No. 5 tech story of 2011: HP's meltdown

HP's disastrous year was about more than Leo Apotheker (though he didn't help)

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This is the seventh post for "My personal, hand-selected top 11 tech stories of 2011." You can read the first six by clicking on the links at the bottom.

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The warning signs were there when former short-time SAP chief executive Leo Apotheker was named CEO of Hewlett-Packard on September 30, 2010.

Apotheker, then 57, was a native German who had spent two decades at business software vendor SAP before ascending to the top job in April 2008. He was out less than a year later, blamed for a downturn in the company's financial performance following his decision to raise customer fees for software maintenance and upgrades.

And now this lifelong software executive and failed CEO was being put in charge of the world's largest PC maker? Analysts were immediately skeptical: "I think HP has made the wrong hire" ... "a bit of an odd choice" ... "[W]hat that means for a giant hunk of their business that is not enterprise software is a mystery."

That last quote refers to HP's PC division, which generates about 30% of the company's revenue. And what it meant was that last August, less than a year later, Apotheker would announce to the world that he's just as soon dump the boring, stupid old PC business with its low margins and inextricable ties to the company's supply chain and its enterprise customers, who HP planned to target with its totally awesome cloud-based software and services business.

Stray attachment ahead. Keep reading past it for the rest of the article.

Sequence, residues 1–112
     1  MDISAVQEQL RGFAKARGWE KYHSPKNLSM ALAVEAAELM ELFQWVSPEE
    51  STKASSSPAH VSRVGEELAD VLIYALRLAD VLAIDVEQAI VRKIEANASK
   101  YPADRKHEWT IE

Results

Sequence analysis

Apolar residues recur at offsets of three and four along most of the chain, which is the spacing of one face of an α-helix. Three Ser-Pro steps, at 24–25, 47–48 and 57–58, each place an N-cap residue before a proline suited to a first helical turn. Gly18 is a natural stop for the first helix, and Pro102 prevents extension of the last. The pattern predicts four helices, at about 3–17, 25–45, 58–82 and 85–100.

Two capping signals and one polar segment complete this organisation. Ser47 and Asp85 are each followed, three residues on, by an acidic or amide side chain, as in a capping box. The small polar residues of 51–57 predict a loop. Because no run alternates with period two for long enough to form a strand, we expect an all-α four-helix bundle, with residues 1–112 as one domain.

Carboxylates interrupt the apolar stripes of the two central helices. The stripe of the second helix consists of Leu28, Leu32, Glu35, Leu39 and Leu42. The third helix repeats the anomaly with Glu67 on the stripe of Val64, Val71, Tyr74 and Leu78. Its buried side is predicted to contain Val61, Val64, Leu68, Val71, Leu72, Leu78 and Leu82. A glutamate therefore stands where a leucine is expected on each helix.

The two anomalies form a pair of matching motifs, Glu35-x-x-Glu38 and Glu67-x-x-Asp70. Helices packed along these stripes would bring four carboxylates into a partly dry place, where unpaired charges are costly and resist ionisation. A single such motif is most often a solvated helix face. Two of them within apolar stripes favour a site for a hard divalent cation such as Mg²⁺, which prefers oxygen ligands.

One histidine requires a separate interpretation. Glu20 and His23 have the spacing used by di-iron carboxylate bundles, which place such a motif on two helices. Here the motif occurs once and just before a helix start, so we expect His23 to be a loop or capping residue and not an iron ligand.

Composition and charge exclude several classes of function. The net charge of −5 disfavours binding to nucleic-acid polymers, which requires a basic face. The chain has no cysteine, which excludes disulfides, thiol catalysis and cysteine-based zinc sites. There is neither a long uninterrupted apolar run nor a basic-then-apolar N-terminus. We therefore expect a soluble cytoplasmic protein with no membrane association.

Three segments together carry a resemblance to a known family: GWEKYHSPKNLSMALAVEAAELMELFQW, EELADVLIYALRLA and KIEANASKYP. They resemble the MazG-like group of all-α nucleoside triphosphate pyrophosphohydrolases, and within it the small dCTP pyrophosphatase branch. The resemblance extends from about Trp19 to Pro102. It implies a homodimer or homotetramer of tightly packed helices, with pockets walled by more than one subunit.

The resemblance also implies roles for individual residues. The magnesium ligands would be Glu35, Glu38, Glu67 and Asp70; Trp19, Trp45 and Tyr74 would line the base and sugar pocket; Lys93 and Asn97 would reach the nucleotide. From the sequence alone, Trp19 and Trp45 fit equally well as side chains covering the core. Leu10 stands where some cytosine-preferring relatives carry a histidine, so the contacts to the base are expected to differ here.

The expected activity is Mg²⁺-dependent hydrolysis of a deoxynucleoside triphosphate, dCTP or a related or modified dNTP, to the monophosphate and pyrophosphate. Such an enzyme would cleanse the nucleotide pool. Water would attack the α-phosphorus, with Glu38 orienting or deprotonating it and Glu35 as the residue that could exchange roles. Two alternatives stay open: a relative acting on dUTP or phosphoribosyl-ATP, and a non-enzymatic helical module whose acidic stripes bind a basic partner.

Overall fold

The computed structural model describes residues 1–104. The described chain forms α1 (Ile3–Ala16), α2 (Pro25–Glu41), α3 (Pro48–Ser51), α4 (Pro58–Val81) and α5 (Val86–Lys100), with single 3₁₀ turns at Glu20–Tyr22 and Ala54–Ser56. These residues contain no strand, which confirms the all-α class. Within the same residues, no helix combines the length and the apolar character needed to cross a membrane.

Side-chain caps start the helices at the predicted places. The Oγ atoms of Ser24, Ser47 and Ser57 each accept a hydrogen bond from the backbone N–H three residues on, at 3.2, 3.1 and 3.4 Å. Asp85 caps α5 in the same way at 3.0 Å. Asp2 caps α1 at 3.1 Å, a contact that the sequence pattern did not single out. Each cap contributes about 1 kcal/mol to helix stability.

That news, along with HP's announcement that it also would kill off the webOS mobile operating system it paid $1.2 billion for a year earlier and would buy British software company Autonomy for $10 billion, stunned Wall Street. Shares of HP (NYSE: HPQ), which had been drifting down all year thanks to poor quarterly earnings and reduced guidance, lost 20% of their value overnight.

This ticker meltdown finally caught the attention of HP's board of directors, which finally began to realize it had made a mistake in hiring Apotheker, who was fired a month later and handed a $10 million severance package.

But what could HP's directors expect? In their haste to move on from the Mark Hurd era -- which ended months earlier amid charges that the HP chief executive had a questionable relationship with a contract employee and was abusing his expense account -- as many as eight board members agreed to hire Apotheker without ever having met him!

And that's the real story behind HP's disastrous year: An irresponsible board of directors, which, it should be pointed out, had approved of Apotheker's plans to sell off the PC business and kill webOS. (I think we can assume he ran it by them before making the announcement.)

Now the board has selected one of its own as the new CEO.

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